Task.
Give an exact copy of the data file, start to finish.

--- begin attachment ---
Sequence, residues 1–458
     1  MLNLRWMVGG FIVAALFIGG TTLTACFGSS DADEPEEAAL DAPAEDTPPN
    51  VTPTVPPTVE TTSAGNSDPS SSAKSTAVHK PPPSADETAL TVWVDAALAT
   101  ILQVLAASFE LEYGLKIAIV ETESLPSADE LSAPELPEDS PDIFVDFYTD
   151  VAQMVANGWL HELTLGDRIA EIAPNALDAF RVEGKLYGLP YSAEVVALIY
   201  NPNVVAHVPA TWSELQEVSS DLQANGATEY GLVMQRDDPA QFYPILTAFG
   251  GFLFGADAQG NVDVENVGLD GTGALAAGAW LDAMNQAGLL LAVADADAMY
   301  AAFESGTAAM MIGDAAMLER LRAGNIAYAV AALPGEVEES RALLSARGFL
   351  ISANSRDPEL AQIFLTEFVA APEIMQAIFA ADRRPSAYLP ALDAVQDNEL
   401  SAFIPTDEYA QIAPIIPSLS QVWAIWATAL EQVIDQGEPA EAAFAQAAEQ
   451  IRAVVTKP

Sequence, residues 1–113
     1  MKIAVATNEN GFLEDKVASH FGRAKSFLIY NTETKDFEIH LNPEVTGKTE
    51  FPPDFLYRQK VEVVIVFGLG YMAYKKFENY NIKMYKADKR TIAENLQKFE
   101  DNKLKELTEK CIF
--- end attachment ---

Sequence, residues 1–458
     1  MLNLRWMVGG FIVAALFIGG TTLTACFGSS DADEPEEAAL DAPAEDTPPN
    51  VTPTVPPTVE TTSAGNSDPS SSAKSTAVHK PPPSADETAL TVWVDAALAT
   101  ILQVLAASFE LEYGLKIAIV ETESLPSADE LSAPELPEDS PDIFVDFYTD
   151  VAQMVANGWL HELTLGDRIA EIAPNALDAF RVEGKLYGLP YSAEVVALIY
   201  NPNVVAHVPA TWSELQEVSS DLQANGATEY GLVMQRDDPA QFYPILTAFG
   251  GFLFGADAQG NVDVENVGLD GTGALAAGAW LDAMNQAGLL LAVADADAMY
   301  AAFESGTAAM MIGDAAMLER LRAGNIAYAV AALPGEVEES RALLSARGFL
   351  ISANSRDPEL AQIFLTEFVA APEIMQAIFA ADRRPSAYLP ALDAVQDNEL
   401  SAFIPTDEYA QIAPIIPSLS QVWAIWATAL EQVIDQGEPA EAAFAQAAEQ
   451  IRAVVTKP

Sequence, residues 1–113
     1  MKIAVATNEN GFLEDKVASH FGRAKSFLIY NTETKDFEIH LNPEVTGKTE
    51  FPPDFLYRQK VEVVIVFGLG YMAYKKFENY NIKMYKADKR TIAENLQKFE
   101  DNKLKELTEK CIF